The evolution of the wide receiver position has been remarkable to watch. In a pass-heavy NFL, it has become paramount for teams to find upper echelon pass-catchers. The likes of Michael Thomas (Saints), DeAndre Hopkins (Cardinals), Tyreek Hill (Chiefs), and Julio Jones (Falcons) are featured in some of the highest-powered offenses in the league and can take a team to the next level. Now, NFL General Managers are tasked with finding the next great alpha receiver and they will have their chance with the 2021 Draft class.
The 2020 NFL Draft created an influx of talent at the position, and the 2021 wide receiver class is poised to do the same. In fact, the 2021 group is potentially better than the 2020 class and it has a chance to be historically good.
Related | Sensational group of 2020 wide receiver prospects the best ever?
We saw 35 wide receivers selected in the 2020 NFL Draft, including 13 receivers being selected in the first two rounds. Henry Ruggs III (Raiders), Jerry Jeudy (Broncos), CeeDee Lamb (Cowboys), Jalen Reagor (Eagles), Justin Jefferson (Vikings), and Brandon Aiyuk (49ers) were the group of sensational receivers selected in the first round of the 2020 Draft. The bottom line is that the 2020 group is as good as we’ve ever seen when it comes to wide receivers entering the NFL ranks.
However, as good as the 2020 group of receivers was, the 2021 class is littered with talent and even possesses the potential to be better. What makes the 2021 wide receiver class so good?
Headliners of the 2021 wide receiver class
Ja’Marr Chase, LSU (6’1″, 200 pounds)
When it comes to the 2020 and 2021 wide receiver classes, LSU’s Ja’Marr Chase is the best overall prospect at the position. It doesn’t matter who is lined up against him, Chase is going to produce at a high level.
In 2019, Chase was exceptional, as he accumulated 1,790 yards and 20 touchdowns on 84 receptions. Even more impressive, he was able to average a remarkable 21.2 yards per catch. His outstanding performance led to him winning the Biletnikoff Award, which is given to the top receiver in the country.
Chase has extraordinary hands and can pluck the ball with ease. He is a smooth operator, who can consistently find soft spots in opposing defenses. He is a stunning deep ball threat, as he possesses the ability to run by defensive backs, and excels at winning the contested catch.
One underrated trait in Chase’s game is his strength as a runner with the ball in his hands, which is evident in the clip below.
LSU WR Ja'Marr Chase using a stutter step to freeze the CB and then burst inside to get separation. From there Chase uses his strength and balance to shed the block and accelerate for a long TD #NFLDraft #LSU pic.twitter.com/Iz8oRMOypc
— Brian Johannes (@Draft_Brian) May 28, 2020
Simply put, Chase is the best wide receiver in college football and will ultimately be a top-five selection in the 2021 NFL Draft. When the dust settles, he will become the next great wide receiver in the NFL.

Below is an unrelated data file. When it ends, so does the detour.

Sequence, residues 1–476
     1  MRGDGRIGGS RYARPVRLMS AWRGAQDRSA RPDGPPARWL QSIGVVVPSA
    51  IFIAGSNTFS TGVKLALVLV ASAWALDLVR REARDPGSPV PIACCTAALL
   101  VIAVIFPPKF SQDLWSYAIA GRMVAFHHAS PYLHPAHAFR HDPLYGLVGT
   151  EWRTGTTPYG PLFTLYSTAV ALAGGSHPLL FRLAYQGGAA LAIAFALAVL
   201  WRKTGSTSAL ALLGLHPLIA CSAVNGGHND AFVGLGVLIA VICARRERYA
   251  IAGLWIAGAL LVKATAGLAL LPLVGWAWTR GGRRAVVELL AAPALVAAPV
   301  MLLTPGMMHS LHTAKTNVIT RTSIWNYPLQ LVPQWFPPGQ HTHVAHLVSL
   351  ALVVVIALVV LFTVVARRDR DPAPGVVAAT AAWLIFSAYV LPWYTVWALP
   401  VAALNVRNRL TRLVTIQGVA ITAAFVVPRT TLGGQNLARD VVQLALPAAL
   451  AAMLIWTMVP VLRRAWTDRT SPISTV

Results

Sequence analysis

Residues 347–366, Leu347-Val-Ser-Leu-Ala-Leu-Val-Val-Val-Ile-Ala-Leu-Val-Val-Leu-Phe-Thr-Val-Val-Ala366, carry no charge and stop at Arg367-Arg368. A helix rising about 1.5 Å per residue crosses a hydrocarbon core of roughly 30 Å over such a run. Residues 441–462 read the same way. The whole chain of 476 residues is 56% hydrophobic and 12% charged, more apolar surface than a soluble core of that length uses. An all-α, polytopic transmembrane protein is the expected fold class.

Rondale Moore, Purdue (5’9″, 180 pounds)
Rondale Moore only played in four games in 2019, as his season was shortened by a significant knee injury. In 2018, as a true freshman, he was among the best wide receivers in college football, hauling in 114 receptions for 1,258 yards and 12 touchdowns.
While he doesn’t have ideal size, Moore is a big play waiting to happen. He is electric, possessing the juice to blow the roof off of opposing defenses. He has great hands, is a brilliant route runner, and can make defenders miss in the open field. His speed and dynamism as a runner allow him to create yards after the catch in chunks.
Despite being a bit undersized, Moore is a tough, physical runner who possesses great vision when the ball is in his hands, which will be showcased in the clip below.
Rondale Moore is the best slot receiver in the county. pic.twitter.com/TMUaxPm0cr
— Dave Lackford, Esq. (@RivalsDave) November 18, 2018
Jaylen Waddle, Alabama (5’10”, 183 pounds)
It was a crowded wide receiver room for the Alabama Crimson Tide, so Jaylen Waddle‘s stats won’t jump off the page. In 28 career games at Tuscaloosa, Waddle has yielded 78 receptions for 1,408 yards and 13 touchdowns. With that said. Waddle is poised for a huge season in 2020 and will skyrocket up NFL boards prior to the 2021 Draft.
When you watch film on Waddle, the first thing that comes to your mind is the word “explosive”. He and Moore are in a battle to be dubbed the most electrifying player in college football.
With the ball in his hands, Waddle is magic, as his elusiveness makes tackling him in the open field quite the challenge. His unparalleled speed makes him a matchup nightmare and allows him to create separation with ease. He also adds value as a dynamic kick returner.
As the clip below will indicate, saying Waddle is fast is a drastic understatement.
Confirmed: Jaylen Waddle is incredibly fast. pic.twitter.com/p6TgHkBVsa
— CBS Sports (@CBSSports) December 1, 2018
In 2020, Waddle will no longer be a part-time player and will have the opportunity to showcase his elite talents. His speed and explosiveness will be very attractive qualities for NFL front offices. To help his case, he will be able to test off the charts at the NFL Scouting Combine. When all is said and done, Jaylen Waddle is a potential top-10 pick in the 2021 Draft.